University Gears Up For Self-Study, Accreditation

Associate Provost Peter Langer. - Photo by Shaun Krisher

Associate Provost Peter Langer. – Photo by Shaun Krisher

Gintautas Dumcius

As many students hurtle towards the end of the semester and their finals, the university is readying itself for its own final – in the form of an institutional re-accreditation review.

The review, done by the New England Association of Schools and Colleges (NEASC), occurs every ten years when a “site team,” composed of volunteer faculty and administration from other colleges and universities, comes to evaluate the university. UMass Boston’s last accreditation was in 1995.

Faculty, staff, students, and administration officials met last week to start the engines of a self-study, done in advance of NEASC’s visit in April 2005.

NEASC’s Dr. Barbara Brittingham was at the meeting to give pointers and an idea of what a self-study should look like. According to Brittingham, the hundred-page report should do two things. First, it should identify strengths and how to maintain and enhance them. Second, it should identify problems and how to address them.

Faculty, staff, students, and administrators, who will sit on eleven task forces, each one focusing on an NEASC standard, will be writing the report for three audiences: themselves, the site team, and the NEASC commission.

In order for the commission to have confidence in the self-study, there has to be a certain amount of candor, said Brittingham.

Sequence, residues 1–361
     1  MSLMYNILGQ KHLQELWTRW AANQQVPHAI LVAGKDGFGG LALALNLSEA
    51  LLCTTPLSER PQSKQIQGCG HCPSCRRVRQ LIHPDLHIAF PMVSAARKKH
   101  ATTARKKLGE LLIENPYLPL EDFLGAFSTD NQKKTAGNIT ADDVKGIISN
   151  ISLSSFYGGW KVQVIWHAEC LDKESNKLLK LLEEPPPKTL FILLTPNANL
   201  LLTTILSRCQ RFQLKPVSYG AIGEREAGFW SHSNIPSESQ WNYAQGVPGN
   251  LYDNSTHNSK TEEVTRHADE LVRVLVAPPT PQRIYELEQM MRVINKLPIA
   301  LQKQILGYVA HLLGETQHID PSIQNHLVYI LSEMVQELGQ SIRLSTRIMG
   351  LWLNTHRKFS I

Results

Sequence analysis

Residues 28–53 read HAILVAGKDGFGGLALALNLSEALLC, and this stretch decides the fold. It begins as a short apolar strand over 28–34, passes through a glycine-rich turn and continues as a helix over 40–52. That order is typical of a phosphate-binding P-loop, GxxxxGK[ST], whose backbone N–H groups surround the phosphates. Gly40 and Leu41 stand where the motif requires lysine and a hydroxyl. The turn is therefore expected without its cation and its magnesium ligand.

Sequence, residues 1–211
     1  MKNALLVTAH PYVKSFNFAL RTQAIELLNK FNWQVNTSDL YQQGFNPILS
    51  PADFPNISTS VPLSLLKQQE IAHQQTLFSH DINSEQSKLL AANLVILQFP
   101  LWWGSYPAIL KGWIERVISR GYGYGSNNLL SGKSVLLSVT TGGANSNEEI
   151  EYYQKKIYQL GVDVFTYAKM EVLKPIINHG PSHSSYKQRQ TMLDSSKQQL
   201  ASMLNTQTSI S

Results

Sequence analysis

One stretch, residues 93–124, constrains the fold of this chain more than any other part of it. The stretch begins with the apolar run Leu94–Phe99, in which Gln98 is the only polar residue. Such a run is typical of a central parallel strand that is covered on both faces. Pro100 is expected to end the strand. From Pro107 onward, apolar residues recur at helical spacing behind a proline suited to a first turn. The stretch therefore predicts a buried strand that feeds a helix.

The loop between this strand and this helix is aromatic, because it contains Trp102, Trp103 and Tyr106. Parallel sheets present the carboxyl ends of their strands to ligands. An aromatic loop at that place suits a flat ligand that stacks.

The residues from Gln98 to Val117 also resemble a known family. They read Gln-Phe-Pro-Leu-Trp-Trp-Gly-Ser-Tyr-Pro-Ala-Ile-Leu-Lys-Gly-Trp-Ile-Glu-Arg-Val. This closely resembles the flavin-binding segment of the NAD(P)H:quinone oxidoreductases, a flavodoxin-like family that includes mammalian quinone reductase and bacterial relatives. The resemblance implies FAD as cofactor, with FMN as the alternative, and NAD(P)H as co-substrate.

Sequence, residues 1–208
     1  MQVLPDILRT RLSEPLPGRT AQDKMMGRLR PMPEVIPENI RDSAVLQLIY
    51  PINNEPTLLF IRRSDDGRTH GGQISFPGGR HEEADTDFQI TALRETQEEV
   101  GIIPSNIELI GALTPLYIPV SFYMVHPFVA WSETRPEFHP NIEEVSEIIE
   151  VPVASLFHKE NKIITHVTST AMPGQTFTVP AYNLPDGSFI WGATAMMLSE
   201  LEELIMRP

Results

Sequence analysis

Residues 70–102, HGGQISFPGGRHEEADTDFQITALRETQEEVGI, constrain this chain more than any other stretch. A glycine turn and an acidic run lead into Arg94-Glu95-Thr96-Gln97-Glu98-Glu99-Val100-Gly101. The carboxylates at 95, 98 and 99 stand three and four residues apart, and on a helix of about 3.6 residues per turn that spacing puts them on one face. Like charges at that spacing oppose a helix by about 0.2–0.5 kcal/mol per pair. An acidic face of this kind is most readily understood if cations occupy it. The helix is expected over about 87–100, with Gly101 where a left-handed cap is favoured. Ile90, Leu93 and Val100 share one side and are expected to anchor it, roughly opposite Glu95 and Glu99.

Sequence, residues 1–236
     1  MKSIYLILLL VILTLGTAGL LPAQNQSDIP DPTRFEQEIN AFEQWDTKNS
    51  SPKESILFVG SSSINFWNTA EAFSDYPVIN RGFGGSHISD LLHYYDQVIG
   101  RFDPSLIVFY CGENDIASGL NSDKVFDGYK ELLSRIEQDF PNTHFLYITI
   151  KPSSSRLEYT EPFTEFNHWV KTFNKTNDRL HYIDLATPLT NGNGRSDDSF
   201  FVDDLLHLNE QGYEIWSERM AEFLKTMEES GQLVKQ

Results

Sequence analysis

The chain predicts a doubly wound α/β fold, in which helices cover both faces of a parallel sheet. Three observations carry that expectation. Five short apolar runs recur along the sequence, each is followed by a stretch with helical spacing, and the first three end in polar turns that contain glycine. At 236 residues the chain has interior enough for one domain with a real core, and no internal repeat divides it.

From the audience, Associate Professor Paul Watanabe asked how something could be judged as not candid. Brittingham replied that if the self-study is “rosy” and “problem-free,” or if students are saying something different than the results of the study indicate, the team will report inconsistencies to the commission. “Nothing shakes a team more than the impression that they’re getting snowed,” she said.

Later, in the offices of the Asian American Institute, where he is co-director, Watanabe stated, “A willingness by all of the constituent parts of the university to be candid and to encourage and not punish candor is essential.”

Assistant Vice Chancellor for Academic Affairs Anita Miller raised the question of whether the process of the self-study changed since the last review. Brittingham said it was “fundamentally the same process,” and the team was not going to be reading past reports; it would instead focus on the present and future. She pointed to a report, written five years ago at the NEASC midterm, which stated that the university was moving forward.

Peter Langer, associate provost and co-chair of the Re-Accreditation Steering Committee, calls the NEASC evaluation “critical” to the university and the “most important thing we’ll be doing in the next eighteen months.” By having accreditation, the university is eligible for federal monies like the Pell Grant, research funding, and student loans.

Langer states that the self-study is a “reflective document asking us to comment on how we meet the eleven standards that NEASC sets forth as standards of good quality.” The standards range from library and information services to student services to physical and financial resources.

Feedback on drafts of the self-study from the community and students will be encouraged, and the process will be documented on the university’s website. The self-study group has reached out through Director of Student Life Joyce Morgan to students, as well as to the student government associations, in order to have adequate student representation.

On April 1, 2004 the first drafts of the sections should be ready. The summer will be spent revising them so that by this time next year, a draft of the self-study will be ready for final approval.

The outcome of the process will hopefully not only be the renewal of accreditation, but also a “heightened sense of who we are and what we have to do in the next four years” to improve said Langer.